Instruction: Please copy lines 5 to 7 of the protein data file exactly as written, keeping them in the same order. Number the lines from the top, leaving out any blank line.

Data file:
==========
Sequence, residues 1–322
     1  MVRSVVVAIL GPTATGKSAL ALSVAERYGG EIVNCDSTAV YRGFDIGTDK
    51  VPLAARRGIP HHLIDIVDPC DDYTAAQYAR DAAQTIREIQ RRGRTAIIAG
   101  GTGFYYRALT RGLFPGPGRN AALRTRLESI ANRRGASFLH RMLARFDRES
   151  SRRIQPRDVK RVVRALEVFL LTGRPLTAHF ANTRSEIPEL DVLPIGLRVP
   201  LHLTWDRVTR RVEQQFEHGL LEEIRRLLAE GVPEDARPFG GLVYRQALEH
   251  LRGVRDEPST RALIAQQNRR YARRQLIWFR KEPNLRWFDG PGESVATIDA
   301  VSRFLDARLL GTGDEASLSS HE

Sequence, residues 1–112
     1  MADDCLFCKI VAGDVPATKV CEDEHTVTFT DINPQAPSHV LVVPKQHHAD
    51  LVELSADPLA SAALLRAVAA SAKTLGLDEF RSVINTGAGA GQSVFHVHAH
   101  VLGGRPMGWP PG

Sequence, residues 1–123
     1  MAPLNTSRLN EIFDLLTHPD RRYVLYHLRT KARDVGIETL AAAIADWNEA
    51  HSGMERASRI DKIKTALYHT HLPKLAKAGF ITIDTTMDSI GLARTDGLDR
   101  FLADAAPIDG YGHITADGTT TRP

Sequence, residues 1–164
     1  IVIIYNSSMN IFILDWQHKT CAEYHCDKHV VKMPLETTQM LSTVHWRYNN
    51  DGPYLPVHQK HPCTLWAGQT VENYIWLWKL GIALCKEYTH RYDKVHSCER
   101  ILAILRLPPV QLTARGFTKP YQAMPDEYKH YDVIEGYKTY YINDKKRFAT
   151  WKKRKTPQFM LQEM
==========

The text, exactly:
   151  SRRIQPRDVK RVVRALEVFL LTGRPLTAHF ANTRSEIPEL DVLPIGLRVP
   201  LHLTWDRVTR RVEQQFEHGL LEEIRRLLAE GVPEDARPFG GLVYRQALEH
   251  LRGVRDEPST RALIAQQNRR YARRQLIWFR KEPNLRWFDG PGESVATIDA